Let’s be honest, not too many people enjoy talking about money. Financial issues have been known to cause tons of stress, fights among married couples that end in divorce, and create an uncomfortable feeling of uncertainty that shakes you at the core.

And, adults aren’t the only ones who worry about it.

The University of York released The Children’s Worlds study that takes a look at how kids around the globe view life and their own circumstances. Researchers specifically wanted to hone in on areas that include personal well-being, school and home life, happiness, and money. While the majority of children surveyed admit they are pretty happy, one major area of concern, however, appears to be their household’s finances. More than one-third of kids have expressed frustrations about money, and whether or not their family has enough.

“Money is one of those words that has a lot of charge; and typically, that charge is very negative,” says Christy Whitman, parenting expert, life coach, and author of The New York Times bestseller, The Art of Having It All: A Woman’s Guide to Unlimited Abundance. “You may not tell your kid that money is bad, or there is not enough in so many words, but they learn it through how you feel and interact.

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Opening up to your kid about your personal finances can be hard, and also, a double-edged sword. On one hand, parents do want to have some sort of dialogue about money and it’s value—even if it doesn’t cover the depths of your bank account.

Mary Kaarto, author of Help for the Laid Off, was once a single mother who experienced long-term job layoffs not once, but twice. Nervous about the negative impact it would have on her daughter who was young at the time, Mary did her best to create as stress-free of an environment as possible, that also reiterated the value of a dollar. Now a wife and mother herself, Mary’s 34-year-old daughter says she never forgot the life lessons her mom taught her, even in the face of adversity. 

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So, when should parents talk to their little ones about finances? And, how can we reassure them that things will be okay? Given that children are thinking about their parents’ money in some way, there’s got to be a solution that opens the door to questions and discussion; without unlocking the entire vault.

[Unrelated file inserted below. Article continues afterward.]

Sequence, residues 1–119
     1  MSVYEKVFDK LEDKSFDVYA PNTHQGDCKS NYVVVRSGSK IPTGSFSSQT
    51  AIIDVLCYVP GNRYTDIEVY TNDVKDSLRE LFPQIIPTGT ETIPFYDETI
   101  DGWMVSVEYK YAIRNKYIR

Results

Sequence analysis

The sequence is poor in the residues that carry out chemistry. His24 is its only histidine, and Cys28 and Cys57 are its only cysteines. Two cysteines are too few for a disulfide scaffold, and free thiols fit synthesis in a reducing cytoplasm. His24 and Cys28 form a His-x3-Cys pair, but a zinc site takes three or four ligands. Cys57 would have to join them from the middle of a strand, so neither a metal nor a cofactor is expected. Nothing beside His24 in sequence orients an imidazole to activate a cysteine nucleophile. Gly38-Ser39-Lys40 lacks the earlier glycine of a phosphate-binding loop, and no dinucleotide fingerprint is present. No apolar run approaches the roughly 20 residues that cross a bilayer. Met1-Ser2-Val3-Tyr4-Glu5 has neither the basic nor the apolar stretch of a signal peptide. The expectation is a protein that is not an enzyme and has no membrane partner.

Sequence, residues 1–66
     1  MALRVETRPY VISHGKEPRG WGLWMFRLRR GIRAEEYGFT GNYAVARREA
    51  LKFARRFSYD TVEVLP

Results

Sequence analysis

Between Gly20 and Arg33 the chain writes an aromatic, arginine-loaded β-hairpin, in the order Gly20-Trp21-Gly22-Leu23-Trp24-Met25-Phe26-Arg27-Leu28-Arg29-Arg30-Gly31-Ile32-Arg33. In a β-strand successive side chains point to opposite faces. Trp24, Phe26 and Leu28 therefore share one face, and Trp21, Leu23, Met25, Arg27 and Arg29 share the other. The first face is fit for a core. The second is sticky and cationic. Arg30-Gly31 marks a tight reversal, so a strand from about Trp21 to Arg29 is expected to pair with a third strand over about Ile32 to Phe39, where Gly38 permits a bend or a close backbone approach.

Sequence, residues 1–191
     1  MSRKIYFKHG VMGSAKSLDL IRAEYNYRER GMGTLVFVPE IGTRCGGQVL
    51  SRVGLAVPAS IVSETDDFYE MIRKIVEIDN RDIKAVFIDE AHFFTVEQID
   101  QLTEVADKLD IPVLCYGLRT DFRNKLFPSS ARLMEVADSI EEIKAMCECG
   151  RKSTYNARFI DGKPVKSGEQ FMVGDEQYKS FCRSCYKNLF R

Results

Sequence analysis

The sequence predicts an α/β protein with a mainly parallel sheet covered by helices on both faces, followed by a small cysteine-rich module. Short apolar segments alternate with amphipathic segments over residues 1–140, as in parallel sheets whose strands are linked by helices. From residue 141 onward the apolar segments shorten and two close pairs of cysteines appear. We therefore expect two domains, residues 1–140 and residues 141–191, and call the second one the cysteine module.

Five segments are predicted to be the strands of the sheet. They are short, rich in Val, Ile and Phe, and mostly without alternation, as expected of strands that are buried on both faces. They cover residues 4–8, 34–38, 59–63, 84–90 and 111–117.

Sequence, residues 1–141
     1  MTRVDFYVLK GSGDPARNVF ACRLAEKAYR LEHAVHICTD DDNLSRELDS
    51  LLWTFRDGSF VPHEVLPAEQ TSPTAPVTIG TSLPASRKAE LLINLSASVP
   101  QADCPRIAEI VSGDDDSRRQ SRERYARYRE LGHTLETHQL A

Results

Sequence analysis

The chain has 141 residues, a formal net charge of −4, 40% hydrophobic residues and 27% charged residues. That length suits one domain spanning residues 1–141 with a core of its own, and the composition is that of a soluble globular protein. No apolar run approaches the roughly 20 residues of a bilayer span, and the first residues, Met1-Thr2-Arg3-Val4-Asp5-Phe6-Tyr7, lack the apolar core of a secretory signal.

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To help get the ball rolling, Christy Whitman recommends parents consider these five tips.

1. Have a general discussion about money sooner than later. Whitman says if your child is old enough to understand not to put certain things in his or her mouth, you might want to consider introducing kids to the concept of finances before they come to their own conclusions. “Tell them that money is valuable and what it means to you,” advises Whitman.

2. Consider an allowance. One of the easiest ways for kids to learn about money (and its value) is with an allowance. Purchase a piggy bank for your little one where you can insert money whenever a chore or something of importance is completed.

3. Listen to your comments about money, and whether or not your tone is too pessimistic. “Parents need to be aware of their own negativity around money because children pick that up,” cautions Whitman. Though certain areas of discussion might be too mature for a child, Christy Whitman urges parents to try and keep explanations about finances from being too negative. If a toy for example is too pricey, think of ways to tailor your response that lets your child know he or she can’t have what they want right now—and doesn’t paint money out to be what Whitman calls “a mysterious and scary monster.” If you’re anxious about money, there’s a good chance your child will be as well.

4. Don’t project your money issues onto your kids. This is a biggie. Your outlook on money will influence how your child sees it. Parents should be careful how they address any lack of finances as it could give off a certain energy that screams limitations, and thus, makes your kid frantic about their family’s well-being.

5. Take a look at your personal relationship with money. It’s always a parent’s goal to provide for his or her child that enables the future professional to succeed in life and achieve all dreams imagined. One of the best ways to help ensure your son or daughter has a bright and successful future is to take a hard look at your relationship with money—and ask yourself whether or not you want your kid to have it, too. Should the answer be no, hopefully you can make any necessary changes that will help influence the next generation.